- There is no benefit to the donor or to collection staff if a result is not available early enough to prevent collection.
It may be possible to obtain an earlier result with rapid testing assays or collecting a donor sample one or two days prior to collection. Whether the result is available before or after collection, however, the following should be considered before cancelling or rejecting the donation:
- The donor is a volunteer who in most cases has already started or completed G-CSF conditioning.
- There is a possibility of false positive results with rapid or instant screening assays.
- The blood phase of COVID-19 is known to be difficult to detect in symptomatic patients, rarely detectable in pre-symptomatic patients, and there is no evidence for its infective potential.
- Any delay in transplant that results from the cancellation or rejection of the donation will therefore disadvantage the patient with no known or likely risk of COVID-19 transmission.
If there is concern that the donor is at high risk of community-acquired infection between work-up and collection, pre-planned cryopreservation will allow patient conditioning to be delayed until successful donation and delivery are confirmed.
Cryopreservation at the collection site may have additional advantages in relation to transport delays and travel restrictions.
It has become evident during this pandemic that cryopreservation can have several disadvantages such as the inevitable cell loss and decline in viability after thawing, adverse reactions to the cryoprotectant (DMSO), and collected products that are not used. When considering cryopreservation, the transplant centre should perform a careful risk assessment weighing the risk of the unavailable product against the risks of cryopreservation.
By delaying patient conditioning, cryopreservation will also delay product infusion for at least several days after donation. This means it is possible for the transplant centre to be warned if the donor develops COVID-19 symptoms shortly after donating.
Applying a formal post-donation “cryo-quarantine” period, however - whereby a donation will only qualify for release if the donor tests negative or remains symptom-free at the end of a cryo-quarantine period - is not recommended because:
- Patients might be unnecessarily denied HPC products as a result of COVID-19 exposure that occurred after collection.
- In the absence of symptoms, a positive nasopharyngeal swab on Day 14 post-collection or later is not consistent with the presence of pre-symptomatic COVID-19 infection at the time of collection.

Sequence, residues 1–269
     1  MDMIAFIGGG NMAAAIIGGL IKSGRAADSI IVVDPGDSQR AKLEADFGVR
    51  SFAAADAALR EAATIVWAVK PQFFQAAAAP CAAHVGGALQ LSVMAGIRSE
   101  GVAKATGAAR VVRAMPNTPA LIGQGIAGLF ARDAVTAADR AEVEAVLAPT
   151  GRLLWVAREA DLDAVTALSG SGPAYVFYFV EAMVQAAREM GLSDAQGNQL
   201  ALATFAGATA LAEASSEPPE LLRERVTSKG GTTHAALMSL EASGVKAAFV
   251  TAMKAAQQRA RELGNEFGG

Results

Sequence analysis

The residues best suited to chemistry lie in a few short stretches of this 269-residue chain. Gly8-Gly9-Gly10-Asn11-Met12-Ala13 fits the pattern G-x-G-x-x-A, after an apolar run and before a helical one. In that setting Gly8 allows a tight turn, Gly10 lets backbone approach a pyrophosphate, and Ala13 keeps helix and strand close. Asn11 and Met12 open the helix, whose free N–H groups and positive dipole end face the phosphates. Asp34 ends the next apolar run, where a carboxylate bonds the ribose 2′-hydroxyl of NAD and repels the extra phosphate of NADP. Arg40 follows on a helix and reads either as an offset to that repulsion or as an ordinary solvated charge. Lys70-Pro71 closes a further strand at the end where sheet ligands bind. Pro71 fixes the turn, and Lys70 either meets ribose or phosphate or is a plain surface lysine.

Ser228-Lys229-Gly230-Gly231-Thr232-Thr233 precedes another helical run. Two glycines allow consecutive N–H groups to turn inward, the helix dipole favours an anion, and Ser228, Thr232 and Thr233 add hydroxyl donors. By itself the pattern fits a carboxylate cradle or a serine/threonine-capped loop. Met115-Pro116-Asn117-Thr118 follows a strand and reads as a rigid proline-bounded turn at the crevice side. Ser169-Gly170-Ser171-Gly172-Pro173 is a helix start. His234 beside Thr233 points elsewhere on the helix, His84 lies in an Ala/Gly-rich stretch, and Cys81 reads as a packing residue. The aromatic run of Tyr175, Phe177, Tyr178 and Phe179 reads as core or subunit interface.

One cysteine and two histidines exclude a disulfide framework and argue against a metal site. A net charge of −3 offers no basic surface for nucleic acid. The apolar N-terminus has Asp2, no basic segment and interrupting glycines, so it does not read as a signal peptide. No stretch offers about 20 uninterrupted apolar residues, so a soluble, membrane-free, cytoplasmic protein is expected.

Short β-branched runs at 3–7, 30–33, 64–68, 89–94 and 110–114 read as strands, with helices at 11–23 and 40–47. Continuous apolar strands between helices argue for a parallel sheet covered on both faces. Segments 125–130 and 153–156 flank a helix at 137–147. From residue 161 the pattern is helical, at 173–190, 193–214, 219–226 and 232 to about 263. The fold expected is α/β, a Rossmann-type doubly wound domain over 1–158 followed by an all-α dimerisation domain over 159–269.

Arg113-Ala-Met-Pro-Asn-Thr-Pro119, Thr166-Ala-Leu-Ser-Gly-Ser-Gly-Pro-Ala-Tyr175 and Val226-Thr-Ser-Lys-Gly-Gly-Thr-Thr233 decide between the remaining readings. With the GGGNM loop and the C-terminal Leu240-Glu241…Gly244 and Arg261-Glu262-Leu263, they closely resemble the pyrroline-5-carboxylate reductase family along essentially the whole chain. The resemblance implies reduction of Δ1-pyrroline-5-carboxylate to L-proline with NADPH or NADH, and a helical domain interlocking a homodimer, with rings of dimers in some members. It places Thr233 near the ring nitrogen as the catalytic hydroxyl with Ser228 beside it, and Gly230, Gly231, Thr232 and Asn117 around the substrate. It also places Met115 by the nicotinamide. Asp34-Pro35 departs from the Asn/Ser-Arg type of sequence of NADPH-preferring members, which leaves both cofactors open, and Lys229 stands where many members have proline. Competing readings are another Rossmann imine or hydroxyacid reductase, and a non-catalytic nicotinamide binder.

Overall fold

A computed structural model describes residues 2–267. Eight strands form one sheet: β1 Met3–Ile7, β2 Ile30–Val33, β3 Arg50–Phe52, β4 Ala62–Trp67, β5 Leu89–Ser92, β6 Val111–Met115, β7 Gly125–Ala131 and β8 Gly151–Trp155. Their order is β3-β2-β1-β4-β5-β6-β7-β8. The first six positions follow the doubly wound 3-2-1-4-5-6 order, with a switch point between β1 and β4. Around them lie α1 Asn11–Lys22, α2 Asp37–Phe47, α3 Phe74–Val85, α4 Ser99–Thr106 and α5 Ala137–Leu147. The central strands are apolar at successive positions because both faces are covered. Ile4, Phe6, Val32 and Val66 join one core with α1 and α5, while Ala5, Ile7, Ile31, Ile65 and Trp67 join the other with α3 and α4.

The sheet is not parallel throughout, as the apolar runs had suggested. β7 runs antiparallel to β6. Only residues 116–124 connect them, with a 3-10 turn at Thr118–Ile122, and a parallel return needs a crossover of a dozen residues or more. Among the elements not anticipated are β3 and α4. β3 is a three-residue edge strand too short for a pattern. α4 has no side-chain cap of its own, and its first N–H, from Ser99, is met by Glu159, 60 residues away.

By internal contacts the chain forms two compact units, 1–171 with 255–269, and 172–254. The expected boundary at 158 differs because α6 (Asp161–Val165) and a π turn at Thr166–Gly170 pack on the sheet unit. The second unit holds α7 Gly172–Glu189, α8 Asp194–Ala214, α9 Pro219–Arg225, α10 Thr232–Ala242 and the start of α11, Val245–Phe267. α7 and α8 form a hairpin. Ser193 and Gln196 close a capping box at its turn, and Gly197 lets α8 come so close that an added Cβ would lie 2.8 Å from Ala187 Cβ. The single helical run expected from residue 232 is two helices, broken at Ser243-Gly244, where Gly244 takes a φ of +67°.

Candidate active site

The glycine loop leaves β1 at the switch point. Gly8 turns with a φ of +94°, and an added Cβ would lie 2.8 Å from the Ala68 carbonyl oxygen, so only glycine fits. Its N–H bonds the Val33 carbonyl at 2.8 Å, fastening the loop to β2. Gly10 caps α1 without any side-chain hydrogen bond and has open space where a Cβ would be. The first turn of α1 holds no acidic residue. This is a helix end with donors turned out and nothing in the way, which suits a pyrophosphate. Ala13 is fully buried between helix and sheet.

- Failed qualification due to the possibility of pre-symptomatic COVID-19 infection at the time of donation is not supported by evidence of transmissibility via blood or HPC during the pre-symptomatic phase.
- Therefore withholding a donation for failed quarantine is detrimental to the patient because they lose their first-choice donor, and detrimental to the donor because their donation and associated community exposure has been in vain.
Nonetheless, it is acknowledged that certain jurisdictions may require such “cryo-quarantine” by regulation.
There is convincing evidence that person-to-person transmission can occur during the pre-symptomatic phase of COVID-19, and indeed may be a major contributor to community spread. However, respiratory transmissibility does not necessarily equate to transmissibility via blood or HPC.
Studies of the blood phase of COVID-19 have so far shown limited SARS-CoV-2 RNA detectability in symptomatic infection and very limited RNA detectability in pre-symptomatic and symptomless infection, while any correlation between detectable RNA in the blood and actual infectivity is yet to be established. This is consistent with findings for previous coronaviruses, including SARS and MERS, that have not displayed transmissibility via blood or HPC.
Beyond the possibility of blood or HPC transmission risk, there are also important public health considerations and a variety of community measures around the world that are having a major impact on HPC donors and collection facilities. Also taking into consideration the limited evidence base in this rapidly evolving pandemic, individual cases should ideally be assessed in consultation with infectious disease and/or public health experts.
COVID-19 is presenting major logistical challenges in managing and assessing HPC donors and in collecting and transporting HPC products. WMDA has developed a publicly-available resource page at https://share.wmda.info/x/Yj6OF.